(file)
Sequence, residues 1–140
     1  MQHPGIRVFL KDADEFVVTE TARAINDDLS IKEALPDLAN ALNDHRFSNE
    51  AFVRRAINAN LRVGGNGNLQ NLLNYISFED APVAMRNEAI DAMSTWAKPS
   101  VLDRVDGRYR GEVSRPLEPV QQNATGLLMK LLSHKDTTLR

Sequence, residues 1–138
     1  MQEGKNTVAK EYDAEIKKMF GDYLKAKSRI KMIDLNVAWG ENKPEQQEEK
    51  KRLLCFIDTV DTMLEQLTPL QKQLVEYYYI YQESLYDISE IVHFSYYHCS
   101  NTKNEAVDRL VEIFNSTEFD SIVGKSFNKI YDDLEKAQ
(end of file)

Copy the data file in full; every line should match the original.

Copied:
Sequence, residues 1–140
     1  MQHPGIRVFL KDADEFVVTE TARAINDDLS IKEALPDLAN ALNDHRFSNE
    51  AFVRRAINAN LRVGGNGNLQ NLLNYISFED APVAMRNEAI DAMSTWAKPS
   101  VLDRVDGRYR GEVSRPLEPV QQNATGLLMK LLSHKDTTLR

Sequence, residues 1–138
     1  MQEGKNTVAK EYDAEIKKMF GDYLKAKSRI KMIDLNVAWG ENKPEQQEEK
    51  KRLLCFIDTV DTMLEQLTPL QKQLVEYYYI YQESLYDISE IVHFSYYHCS
   101  NTKNEAVDRL VEIFNSTEFD SIVGKSFNKI YDDLEKAQ